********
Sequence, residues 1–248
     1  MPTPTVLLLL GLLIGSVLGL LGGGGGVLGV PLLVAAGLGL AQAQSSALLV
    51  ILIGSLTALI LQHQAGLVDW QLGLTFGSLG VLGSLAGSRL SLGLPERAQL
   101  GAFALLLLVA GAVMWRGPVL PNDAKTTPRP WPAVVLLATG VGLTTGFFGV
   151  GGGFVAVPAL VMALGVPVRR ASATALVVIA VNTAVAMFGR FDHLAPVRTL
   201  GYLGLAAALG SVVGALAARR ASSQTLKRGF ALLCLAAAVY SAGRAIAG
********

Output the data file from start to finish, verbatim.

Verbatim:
Sequence, residues 1–248
     1  MPTPTVLLLL GLLIGSVLGL LGGGGGVLGV PLLVAAGLGL AQAQSSALLV
    51  ILIGSLTALI LQHQAGLVDW QLGLTFGSLG VLGSLAGSRL SLGLPERAQL
   101  GAFALLLLVA GAVMWRGPVL PNDAKTTPRP WPAVVLLATG VGLTTGFFGV
   151  GGGFVAVPAL VMALGVPVRR ASATALVVIA VNTAVAMFGR FDHLAPVRTL
   201  GYLGLAAALG SVVGALAARR ASSQTLKRGF ALLCLAAAVY SAGRAIAG